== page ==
25

Metabolic emergencies: Acute poisoning

Specific Rx for 

  1. Paracetamol 
  2. Opiates
  3. Benzodiazepines

Specific:

  1. N-acetylcysteine for paracetamol over line of treatment after 4h on nomogram
  2. Naloxone if opiates been taken and now slow breathing or low GCS
  3. Fumazenil if benzodiazepines been taken.

26

Chronic CV condition: HTN

(management: who to treat/targets) 

Hypertension: Treat after ambulatory or home BP monitoring.

Treat if BP >150/95mmHg or 135/85mmHg if any of following present: existing or high risk of vascular disease (IHD, stroke + PVD), hypertensive organ damage (intracerebral bleed, CKD, LVH + retinopathy).

Target BP: if <80 years, aim for <140/85mmHg in clinic and <135/85mmHg ambulatory; if >80 years, add 10mmHg to systolic values.

Target BP in DM

  • if end-organ damage (e.g. renal disease, retinopathy) < 130/80 mmHg
  • otherwise < 140/80 mmHg

 

27

Chronic CV: HTN

(management) 

<55 = ACE-i;

>55 or black = CCBs

→ A + C

→ A + C + thiazide-like diuretic

→ K+<= 4.5 add spiro // K+>4.5 add high dose thiazide like Rx

--> consider alpha/beta blockers 

 

 

A=ACEi/ARB

C=CCB (nottol if oedema/evidence of HF, skip to D) 

D=Thiazide: chlorthalidone (12.5-25.0 mg once daily) or indapamide (1.5 mg modified-release once daily or 2.5 mg once daily) preference to a conventional thiazide diuretic such as bendroflumethiazide

28

Chronic CV: Chronic heart failure

(management)

Chronic heart failure: ACE-i (e.g. Lisinopril 2.5mg daily) + B-blocker (e.g. bisoprolol 1.25mg daily) → increase doses as tolerated

 

mild/mod → add ARB ( e.g. candesartan 4mg daily)

mod-severe, black → add hydralazine (25mg 8-hourly) + ISMN (20mg 8-hourly)

mod/severespironolactone (25mg daily).

29

Chronic CV: Atrial fibrillation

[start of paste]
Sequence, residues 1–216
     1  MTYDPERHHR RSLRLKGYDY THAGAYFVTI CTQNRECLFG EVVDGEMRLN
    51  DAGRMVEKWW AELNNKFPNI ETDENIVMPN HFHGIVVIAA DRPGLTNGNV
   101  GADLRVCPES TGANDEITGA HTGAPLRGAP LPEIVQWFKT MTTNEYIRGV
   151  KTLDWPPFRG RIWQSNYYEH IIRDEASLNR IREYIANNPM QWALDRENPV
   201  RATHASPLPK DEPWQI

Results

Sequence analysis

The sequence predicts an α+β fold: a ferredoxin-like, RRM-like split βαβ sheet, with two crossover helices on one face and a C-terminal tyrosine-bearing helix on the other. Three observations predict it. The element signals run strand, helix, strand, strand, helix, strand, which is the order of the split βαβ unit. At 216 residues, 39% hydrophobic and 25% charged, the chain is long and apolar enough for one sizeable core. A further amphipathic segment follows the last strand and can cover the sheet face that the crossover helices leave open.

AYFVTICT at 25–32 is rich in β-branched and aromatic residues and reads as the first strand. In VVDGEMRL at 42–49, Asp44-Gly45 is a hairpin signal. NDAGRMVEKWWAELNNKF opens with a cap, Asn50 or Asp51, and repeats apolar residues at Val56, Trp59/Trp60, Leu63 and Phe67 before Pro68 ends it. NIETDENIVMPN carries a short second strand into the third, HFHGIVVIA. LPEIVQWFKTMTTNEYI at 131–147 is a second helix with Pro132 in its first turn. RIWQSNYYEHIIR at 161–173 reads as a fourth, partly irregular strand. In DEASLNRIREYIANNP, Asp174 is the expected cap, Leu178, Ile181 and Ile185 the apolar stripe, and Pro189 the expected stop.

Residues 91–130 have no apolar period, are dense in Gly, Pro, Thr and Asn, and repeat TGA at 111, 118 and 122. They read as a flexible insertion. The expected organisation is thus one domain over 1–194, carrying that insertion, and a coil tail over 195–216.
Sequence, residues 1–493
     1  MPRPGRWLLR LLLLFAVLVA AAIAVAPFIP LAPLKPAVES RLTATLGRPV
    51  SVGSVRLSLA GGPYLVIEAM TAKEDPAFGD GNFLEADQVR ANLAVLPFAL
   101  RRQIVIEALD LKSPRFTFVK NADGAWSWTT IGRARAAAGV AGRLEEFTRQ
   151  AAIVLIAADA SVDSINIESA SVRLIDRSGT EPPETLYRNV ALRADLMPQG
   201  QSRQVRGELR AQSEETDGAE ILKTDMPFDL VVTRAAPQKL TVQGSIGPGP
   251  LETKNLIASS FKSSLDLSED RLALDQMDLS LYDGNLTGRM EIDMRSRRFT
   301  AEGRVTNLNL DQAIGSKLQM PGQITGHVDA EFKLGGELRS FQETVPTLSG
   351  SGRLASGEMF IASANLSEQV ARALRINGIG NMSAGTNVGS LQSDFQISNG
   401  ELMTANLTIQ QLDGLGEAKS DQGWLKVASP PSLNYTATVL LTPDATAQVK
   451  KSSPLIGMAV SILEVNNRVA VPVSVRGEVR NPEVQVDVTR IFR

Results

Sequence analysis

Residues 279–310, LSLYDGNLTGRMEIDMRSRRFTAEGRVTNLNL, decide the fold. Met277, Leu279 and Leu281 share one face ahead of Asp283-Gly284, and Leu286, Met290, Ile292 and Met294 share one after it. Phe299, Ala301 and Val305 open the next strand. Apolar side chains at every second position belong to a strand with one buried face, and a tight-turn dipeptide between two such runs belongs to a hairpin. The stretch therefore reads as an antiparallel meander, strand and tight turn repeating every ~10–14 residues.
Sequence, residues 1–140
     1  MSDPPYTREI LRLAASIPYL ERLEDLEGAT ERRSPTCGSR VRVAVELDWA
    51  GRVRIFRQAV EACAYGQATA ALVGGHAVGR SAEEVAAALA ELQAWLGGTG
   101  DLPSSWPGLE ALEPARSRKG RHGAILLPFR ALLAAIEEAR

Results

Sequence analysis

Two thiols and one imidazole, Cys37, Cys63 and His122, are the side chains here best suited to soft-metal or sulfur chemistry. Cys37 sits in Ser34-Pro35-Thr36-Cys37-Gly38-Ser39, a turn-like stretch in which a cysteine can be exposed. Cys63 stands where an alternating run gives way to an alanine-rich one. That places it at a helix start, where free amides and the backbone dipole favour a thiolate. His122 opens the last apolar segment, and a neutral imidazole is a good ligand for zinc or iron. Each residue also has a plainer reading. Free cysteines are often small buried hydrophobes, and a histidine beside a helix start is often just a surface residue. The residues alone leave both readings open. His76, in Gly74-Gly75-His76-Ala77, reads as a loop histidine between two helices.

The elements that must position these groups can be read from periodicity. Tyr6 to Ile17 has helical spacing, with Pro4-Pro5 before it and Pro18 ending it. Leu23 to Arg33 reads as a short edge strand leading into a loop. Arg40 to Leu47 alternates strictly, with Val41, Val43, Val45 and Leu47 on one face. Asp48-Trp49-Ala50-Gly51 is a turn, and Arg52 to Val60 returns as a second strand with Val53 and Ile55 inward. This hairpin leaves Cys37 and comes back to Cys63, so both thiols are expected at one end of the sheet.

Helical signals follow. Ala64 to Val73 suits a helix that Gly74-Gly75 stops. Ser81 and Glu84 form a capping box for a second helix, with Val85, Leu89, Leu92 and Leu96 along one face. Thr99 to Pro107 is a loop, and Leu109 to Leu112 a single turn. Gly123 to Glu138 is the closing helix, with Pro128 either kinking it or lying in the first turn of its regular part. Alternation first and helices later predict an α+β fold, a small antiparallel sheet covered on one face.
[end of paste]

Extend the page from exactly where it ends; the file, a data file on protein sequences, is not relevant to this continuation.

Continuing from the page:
(management)

Atrial fibrillation: Prevent stroke + control rhythm OR rate.

  • Prevent stroke
    • Stroke prevention: use CHA2DS2VASc = CCF (or LVF alone), HTN, age > 75 = 2, diabetes, stroke or TIA = 2, vascular disease (e.g. IHD, PVD), age 65-74 = 1, sex – female = 1.
    • Score 0 = no treatment; score 1 + male = condsider anticoagulation Aspirin is no longer recommended for reducing stroke risk in patients with AF– not if female; score 2 = warfarin/NOACs aiming for INR 2.5.
  • Rhythm control:
    • Who? If young/symptomatic AF/first episode/due to treated precipitant e.g. sepsis or electrolyte disturbance.
    • How? Cardioversion = electrical or pharmacological (amiodarone 5mg/kg IV over 20-120minutes). Need AC if >48h since onset.
  • Rate control:
    • Who? Everyone else with HR > 90bpm.
    • How? B-blocker (e.g. propranolol 10mg 6-hourly) or rate-limiting CCB (e.g. diltiazem 120mg daily) → add digoxin (1st line if others CI, 62.5-125ug daily).

30

Chronic CV: Stable angina

(management)

Stable angina:

3 facets to first-line management:

  1. GTN spray as required (symptomatic relief)
  2. 2⁰ prevention (aspirin + statin +cv risks)  
  3. one anti-angina drug (B-blocker – CI = hypotension, bradycardia, asthma & acute HF OR CCB – CI = hypotension, bradycardia & peripheral oedema)

→ increase dose of B-blocker or CCB

→ 2nd anti-angina drug (ISMN (long-acting nitrate), nicorandil (K+-channel activator)

→ urgent revascularisation therapy (PCI or CABG).

 

even if controlled with medical management, routinely refer for consideration of revascularisation

31

CV

how to distinguish stable angina vs ACS

Features more likely to suggest N/STEMI: sweating + vomiting, at rest, >15 minutes, no response to GTN, raised troponin = N/STEMI so look at ECG to decide (NSTEMI can be ST depression or normal; NB – ST depression in V1-4 may be anterior ischaemia or posterior infarction),

if no troponin rise = unstable angina

occurs on exertion/emotion and ceases <15mins + responds to GTN, more likely stable angina

32

Chronic Resp: Chronic asthma 

management

Chronic asthma:

1. SABA + low dose ICS

2. SABA + low-dose ICS + leukotriene receptor antagonist (LTRA)

Continue LTRA depending on patient's response to LTRA

3. SABA + low-dose ICS + long-acting beta agonist (LABA) +/- LTRA

4. SABA  + MART ( ICS + LABA in single inhaler) +/- LTRA

5. SABA + (medium dose ICS) MART (ICS + LABA) +/- LTRA

6. SABA +/- LTRA: 

  • + high dose ICS 
  • + e.g. LAMA/Theophyline
  • + seak help

33

Chronic Resp: COPD Management

COPD: smoking cessation + NRT (bupropion or vareniciline) + annual influenza vaccine + one off pneumococcal vaccine

→ SABA or SAMA as required

→ assess FEV1…

  • If FEV1 > 50%, LABA or LAMA (and discontinue SAMA).
  • If FEV1 < 50%, add LABA + ICS or LAMA.

If still poorly controlled, add LABA + ICS (combination inhaler) OR LABA + ICS (combination inhaler) + LAMA.

 

  • NICE only recommends theophylline after trials of short and long-acting bronchodilators or to people who cannot used inhaled therapy